Factoring in our direct costs (raw materials), indirect costs (taxes, overhead, fees, etc) and labor time for each piece (production, marketing, packing, shipping, etc) is a good place to start with our pricing.

And then we need to take a look at the more complex issue of value.

Pricing needs to take into account all these varied aspects.

What is the value of your work to the customer?

Maybe starting at the end zone is a good idea -

(and working through a pricing exercise)

the price my item would sell for in a retail store that my target customer would be shopping in.

Value will take into account what other items are selling for in the marketplace, the uniqueness and skill set of our work and materials and the fact that our work is handmade and designed.

(we need to factor in costs and labor time when pricing our handmade work and we need to think about value, too - what is the value to our customer?)

I recently asked a few boutique owners (that I do not wholesale with, but have my target customer) what my product would sell for in their shops. I would recommend this if you struggling with the value component of your productline.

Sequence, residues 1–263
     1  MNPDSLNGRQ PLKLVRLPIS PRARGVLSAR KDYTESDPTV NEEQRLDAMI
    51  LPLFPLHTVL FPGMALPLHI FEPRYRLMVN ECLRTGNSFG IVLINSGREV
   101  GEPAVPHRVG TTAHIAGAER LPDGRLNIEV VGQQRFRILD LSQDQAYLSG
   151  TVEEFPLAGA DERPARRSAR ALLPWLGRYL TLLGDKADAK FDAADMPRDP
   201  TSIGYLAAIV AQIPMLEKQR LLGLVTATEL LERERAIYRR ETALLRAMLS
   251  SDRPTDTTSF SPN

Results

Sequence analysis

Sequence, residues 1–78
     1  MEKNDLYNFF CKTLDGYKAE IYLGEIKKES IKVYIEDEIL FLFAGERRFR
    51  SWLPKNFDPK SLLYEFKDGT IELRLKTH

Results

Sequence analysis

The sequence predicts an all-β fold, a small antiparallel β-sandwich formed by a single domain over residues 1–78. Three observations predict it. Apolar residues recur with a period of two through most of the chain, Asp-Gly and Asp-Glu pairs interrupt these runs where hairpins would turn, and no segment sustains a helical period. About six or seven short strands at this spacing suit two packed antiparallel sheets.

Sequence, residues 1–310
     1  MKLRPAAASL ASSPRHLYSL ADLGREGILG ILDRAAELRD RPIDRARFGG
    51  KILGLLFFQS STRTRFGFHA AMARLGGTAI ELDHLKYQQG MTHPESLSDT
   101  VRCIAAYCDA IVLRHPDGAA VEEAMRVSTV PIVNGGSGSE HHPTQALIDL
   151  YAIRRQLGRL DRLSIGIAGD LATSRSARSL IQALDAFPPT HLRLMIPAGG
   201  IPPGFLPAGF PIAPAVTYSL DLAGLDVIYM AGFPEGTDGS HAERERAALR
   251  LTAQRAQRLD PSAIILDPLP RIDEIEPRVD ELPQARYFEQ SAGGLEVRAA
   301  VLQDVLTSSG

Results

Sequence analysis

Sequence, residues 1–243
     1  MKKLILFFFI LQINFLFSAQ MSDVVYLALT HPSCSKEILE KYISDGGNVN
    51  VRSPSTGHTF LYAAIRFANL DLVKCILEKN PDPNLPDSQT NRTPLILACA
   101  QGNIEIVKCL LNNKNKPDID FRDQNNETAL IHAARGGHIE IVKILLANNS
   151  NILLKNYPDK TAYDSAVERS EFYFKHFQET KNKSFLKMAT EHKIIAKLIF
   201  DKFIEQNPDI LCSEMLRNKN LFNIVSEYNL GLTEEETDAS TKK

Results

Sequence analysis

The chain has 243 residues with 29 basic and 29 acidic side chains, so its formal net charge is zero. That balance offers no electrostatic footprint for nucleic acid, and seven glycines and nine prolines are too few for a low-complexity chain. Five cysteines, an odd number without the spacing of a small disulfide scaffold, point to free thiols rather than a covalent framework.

I will likely need to reduce costs by 10-15% and increase prices by 10-20% to get to a place where I can focus on wholesale. I want to stay fair to my retail customers (by doing what I can to reduce costs and expenses), but learn to be fair to myself, too.

One easy fix - in my Polarity shop I have always charged less for my small lockets even though they cost me exactly the same amount and take me exactly the same amount of time to make as the regular size locket.

A customer buying a medium size shirt in a department store would not expect to pay more than someone buying a small shirt. It is me who has trained my customer to see this as the way it should be by the way I have set up my pricing. No one buys my smaller locket because it costs less- they just want a smaller locket.

(and I will also be changing the wording in my locket listings from "I solder" to I clean, drill, braze with a flame at 800 degrees, grind, paint, polish and seal - well, maybe not exactly that- I don't want to put anyone to sleep, but maybe something that reflects the actual nature of the work a little bit better)

*sigh*

16 comments:

zJayne said...

Well said, stated, shared and from a place where success and knowledge can be valued.

Pretty sure I've had this conversation in my head with myself time and time again. Odd to just stop by today and see this post.

Oh,
and,
you rock!

Unni Strand said...